The best director censored

Ang Lee’s winning Oscar speech was censored in China to remove his special thanks to Taiwan.

For many Taiwanese, this year’s Academy Awards were a dramatic event not only for regular cinema-goers but also because a Taiwanese, Ang Lee, was nominated for the best director for the film ‘Life of Pi’. Awaiting his victory impatiently in front of the TV, many people in Taiwan wanted to share the glorious moment with the Taiwanese director. Media coverage of Lee’s acceptance speech, in which he especially thanked Taiwan, was quoted and viewed over and over again.

However, the same speech was reported differently in China. The official mouthpiece of the Chinese government, Xinhua news agency, censored Lee addressing Taiwan and the city Taichung, where the film was shot. China nonetheless welcomes Lee’s success, but with the relaxation of military tensions in recent years, cultural and diplomatic conflicts with Taiwan have come to the fore. Indeed, China maintains that Taiwan is merely one of its many provinces, and disputes its independence and uniqueness.

Taiwanese or Chinese? This seemingly simple question of identity involves a long and sad history over the last two hundred years. The current population of Taiwan consists of native Taiwanese and several strands of immigrants from China, including those who were once under Japanese colonisation. Those who retreated from mainland China after the Communist revolution in 1949 are just the latest newcomers. National identity can be a delicate issue in Taiwan, since some people consider themselves to be more Chinese than the mainland Chinese, while others claim to be the real Taiwanese.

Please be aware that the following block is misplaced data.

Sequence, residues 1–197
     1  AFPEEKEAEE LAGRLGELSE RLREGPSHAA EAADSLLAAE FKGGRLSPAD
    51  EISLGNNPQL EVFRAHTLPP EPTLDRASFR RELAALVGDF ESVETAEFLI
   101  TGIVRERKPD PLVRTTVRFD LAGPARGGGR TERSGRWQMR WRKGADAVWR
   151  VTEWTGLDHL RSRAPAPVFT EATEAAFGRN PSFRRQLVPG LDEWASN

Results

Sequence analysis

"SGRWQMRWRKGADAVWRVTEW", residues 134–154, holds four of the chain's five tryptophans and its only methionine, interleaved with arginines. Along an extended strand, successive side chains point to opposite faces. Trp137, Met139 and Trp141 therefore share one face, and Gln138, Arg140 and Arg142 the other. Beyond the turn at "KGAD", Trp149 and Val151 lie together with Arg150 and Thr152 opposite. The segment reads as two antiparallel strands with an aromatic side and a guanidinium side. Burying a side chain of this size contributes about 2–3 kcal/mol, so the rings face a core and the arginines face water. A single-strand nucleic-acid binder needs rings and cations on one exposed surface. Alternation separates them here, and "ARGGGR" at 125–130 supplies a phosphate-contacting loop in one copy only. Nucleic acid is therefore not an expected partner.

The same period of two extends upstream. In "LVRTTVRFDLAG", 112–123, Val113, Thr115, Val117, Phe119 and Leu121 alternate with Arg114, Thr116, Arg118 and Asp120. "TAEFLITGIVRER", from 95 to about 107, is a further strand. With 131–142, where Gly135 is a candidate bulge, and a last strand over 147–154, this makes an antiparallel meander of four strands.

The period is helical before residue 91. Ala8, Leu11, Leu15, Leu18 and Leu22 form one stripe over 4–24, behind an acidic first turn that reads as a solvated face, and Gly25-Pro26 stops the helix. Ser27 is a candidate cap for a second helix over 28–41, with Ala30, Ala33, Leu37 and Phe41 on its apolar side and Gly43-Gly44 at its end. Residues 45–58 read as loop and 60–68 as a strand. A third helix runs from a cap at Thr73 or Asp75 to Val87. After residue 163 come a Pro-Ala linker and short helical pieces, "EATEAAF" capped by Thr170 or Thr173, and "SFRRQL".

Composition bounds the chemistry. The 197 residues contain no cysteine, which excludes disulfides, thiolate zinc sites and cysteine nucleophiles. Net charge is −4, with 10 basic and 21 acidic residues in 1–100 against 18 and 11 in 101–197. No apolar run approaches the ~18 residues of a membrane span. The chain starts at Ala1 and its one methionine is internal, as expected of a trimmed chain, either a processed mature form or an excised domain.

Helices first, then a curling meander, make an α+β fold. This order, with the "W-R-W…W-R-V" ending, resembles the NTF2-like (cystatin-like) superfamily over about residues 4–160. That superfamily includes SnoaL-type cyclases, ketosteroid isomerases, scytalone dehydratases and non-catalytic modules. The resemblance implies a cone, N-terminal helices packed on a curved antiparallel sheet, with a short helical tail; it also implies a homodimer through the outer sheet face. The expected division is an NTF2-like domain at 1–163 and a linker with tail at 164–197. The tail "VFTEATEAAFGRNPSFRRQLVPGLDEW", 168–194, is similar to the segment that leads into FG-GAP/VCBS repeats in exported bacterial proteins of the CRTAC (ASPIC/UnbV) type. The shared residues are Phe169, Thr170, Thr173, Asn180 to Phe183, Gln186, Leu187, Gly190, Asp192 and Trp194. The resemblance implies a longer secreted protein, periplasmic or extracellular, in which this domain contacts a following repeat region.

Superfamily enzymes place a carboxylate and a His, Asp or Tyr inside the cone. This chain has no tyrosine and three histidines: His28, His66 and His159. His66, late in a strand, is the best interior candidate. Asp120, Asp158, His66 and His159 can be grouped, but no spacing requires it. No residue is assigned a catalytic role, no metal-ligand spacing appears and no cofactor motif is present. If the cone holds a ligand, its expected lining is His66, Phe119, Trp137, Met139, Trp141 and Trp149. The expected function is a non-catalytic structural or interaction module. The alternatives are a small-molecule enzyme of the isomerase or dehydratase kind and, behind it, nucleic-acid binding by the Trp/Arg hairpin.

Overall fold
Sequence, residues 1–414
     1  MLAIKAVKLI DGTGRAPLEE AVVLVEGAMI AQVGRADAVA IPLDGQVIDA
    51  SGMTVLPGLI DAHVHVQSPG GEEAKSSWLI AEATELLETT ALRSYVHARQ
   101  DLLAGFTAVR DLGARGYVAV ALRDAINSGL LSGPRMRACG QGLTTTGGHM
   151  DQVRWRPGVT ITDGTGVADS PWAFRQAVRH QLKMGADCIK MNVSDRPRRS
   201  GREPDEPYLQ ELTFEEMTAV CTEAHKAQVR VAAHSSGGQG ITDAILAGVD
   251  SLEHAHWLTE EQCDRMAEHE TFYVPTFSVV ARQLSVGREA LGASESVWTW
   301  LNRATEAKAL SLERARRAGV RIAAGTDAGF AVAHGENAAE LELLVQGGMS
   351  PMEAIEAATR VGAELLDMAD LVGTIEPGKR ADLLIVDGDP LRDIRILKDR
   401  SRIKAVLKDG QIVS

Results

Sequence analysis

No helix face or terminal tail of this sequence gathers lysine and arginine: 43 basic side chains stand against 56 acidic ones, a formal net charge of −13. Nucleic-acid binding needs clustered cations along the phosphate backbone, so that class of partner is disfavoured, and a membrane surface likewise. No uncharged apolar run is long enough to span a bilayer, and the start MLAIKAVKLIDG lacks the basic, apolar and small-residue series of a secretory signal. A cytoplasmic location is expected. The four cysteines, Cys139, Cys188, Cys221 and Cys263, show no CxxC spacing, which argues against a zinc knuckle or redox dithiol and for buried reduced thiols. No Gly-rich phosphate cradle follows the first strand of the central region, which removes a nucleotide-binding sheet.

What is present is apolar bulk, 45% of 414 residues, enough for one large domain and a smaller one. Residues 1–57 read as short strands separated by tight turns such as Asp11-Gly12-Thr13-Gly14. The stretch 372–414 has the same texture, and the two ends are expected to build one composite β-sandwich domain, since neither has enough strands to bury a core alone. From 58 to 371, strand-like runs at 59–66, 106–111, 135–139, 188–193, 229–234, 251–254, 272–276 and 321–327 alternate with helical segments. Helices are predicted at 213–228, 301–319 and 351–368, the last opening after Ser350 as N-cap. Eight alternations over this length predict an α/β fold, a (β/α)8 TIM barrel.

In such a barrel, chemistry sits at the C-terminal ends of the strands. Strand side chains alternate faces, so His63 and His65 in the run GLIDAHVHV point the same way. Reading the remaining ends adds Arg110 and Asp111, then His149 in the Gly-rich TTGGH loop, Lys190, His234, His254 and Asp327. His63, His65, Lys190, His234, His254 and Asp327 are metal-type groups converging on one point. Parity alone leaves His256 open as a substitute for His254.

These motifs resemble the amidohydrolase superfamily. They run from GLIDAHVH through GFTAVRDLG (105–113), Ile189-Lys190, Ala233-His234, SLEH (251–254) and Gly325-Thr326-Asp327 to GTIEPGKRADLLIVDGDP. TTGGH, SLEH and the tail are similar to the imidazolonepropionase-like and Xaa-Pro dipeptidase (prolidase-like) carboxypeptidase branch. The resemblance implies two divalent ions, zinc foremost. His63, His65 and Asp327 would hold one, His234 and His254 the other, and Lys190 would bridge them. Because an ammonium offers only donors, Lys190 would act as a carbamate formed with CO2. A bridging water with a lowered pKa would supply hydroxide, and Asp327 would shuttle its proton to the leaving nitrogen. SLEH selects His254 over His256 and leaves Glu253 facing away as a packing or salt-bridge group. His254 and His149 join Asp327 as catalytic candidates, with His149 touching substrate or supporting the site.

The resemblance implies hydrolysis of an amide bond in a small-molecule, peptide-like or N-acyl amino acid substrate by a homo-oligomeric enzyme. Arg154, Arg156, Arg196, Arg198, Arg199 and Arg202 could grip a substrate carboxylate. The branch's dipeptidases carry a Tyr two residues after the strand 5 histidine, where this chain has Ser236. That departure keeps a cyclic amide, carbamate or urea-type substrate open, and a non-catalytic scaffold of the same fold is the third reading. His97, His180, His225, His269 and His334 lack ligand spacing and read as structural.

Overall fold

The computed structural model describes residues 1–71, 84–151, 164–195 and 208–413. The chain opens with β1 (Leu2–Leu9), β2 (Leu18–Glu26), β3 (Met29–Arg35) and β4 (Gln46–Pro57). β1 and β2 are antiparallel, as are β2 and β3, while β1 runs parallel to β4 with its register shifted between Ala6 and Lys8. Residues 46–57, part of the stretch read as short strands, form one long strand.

As a result of this complexity, most people in Taiwan rejoice in their Oscar-winner. Since the country is absent from many international events and organisations, most notably the UN, moments that bring the nation together are highly prized. Indeed, people in Taiwan are eager to grab every chance to gain media coverage and international exposure. Xinhua’s censorship of Lee’s speech reflects how ‘Taiwan’ as a country is always under threat politically from its powerful neighbour.

The Chinese government may be able to control its media within its own borders by controlling what its citizens see or read. Yet such a politicised interpretation and reaction is likely to evoke anti-China sentiment in Taiwan. More importantly perhaps, such a gesture blurs the focus on film as an artistic creation. By claiming Lee’s achievement as the glory of the Chinese people, China carries out a form of cultural invasion.

To a certain degree, Taiwanese culture does belong to the greater Chinese culture: something shared by many countries in Eastern Asia. However, the Chinese government seems to lack the open-mindedness to accept the variety of these cultural heritages. From political oppression to cultural suppression, the Chinese government is keen on setting up its authority at the expense of freedom of expression, as well as Chinese people’s right to know the truth.  Such a measure seems to engender Chinese patriotism; however, from a Taiwanese point of view, this sense of oppression would intensify the cross strait opposition. In addition, in mainland China, illusion nationalism is thus created. Such blindness may currently seem to work due to the strong hold the Chinese government has attained over the internet, but as more and more Chinese people, especially amongst the young, become aware of the situation, it may become more and more difficult to achieve effective manipulation.

28 June 2013

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Free Speech Debate is a research project of the Dahrendorf Programme for the Study of Freedom at St Antony's College in the University of Oxford.

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